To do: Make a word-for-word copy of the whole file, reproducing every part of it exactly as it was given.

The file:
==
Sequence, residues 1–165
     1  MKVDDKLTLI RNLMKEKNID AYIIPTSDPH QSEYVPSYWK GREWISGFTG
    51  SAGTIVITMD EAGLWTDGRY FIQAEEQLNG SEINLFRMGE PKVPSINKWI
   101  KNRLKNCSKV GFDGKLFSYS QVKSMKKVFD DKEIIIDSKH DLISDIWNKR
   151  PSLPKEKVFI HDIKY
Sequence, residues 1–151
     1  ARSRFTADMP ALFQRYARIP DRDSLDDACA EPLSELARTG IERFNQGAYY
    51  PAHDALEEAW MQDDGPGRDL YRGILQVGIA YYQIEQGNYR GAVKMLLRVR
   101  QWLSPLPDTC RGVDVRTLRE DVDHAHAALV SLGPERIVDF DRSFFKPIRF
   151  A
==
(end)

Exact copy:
Sequence, residues 1–165
     1  MKVDDKLTLI RNLMKEKNID AYIIPTSDPH QSEYVPSYWK GREWISGFTG
    51  SAGTIVITMD EAGLWTDGRY FIQAEEQLNG SEINLFRMGE PKVPSINKWI
   101  KNRLKNCSKV GFDGKLFSYS QVKSMKKVFD DKEIIIDSKH DLISDIWNKR
   151  PSLPKEKVFI HDIKY
Sequence, residues 1–151
     1  ARSRFTADMP ALFQRYARIP DRDSLDDACA EPLSELARTG IERFNQGAYY
    51  PAHDALEEAW MQDDGPGRDL YRGILQVGIA YYQIEQGNYR GAVKMLLRVR
   101  QWLSPLPDTC RGVDVRTLRE DVDHAHAALV SLGPERIVDF DRSFFKPIRF
   151  A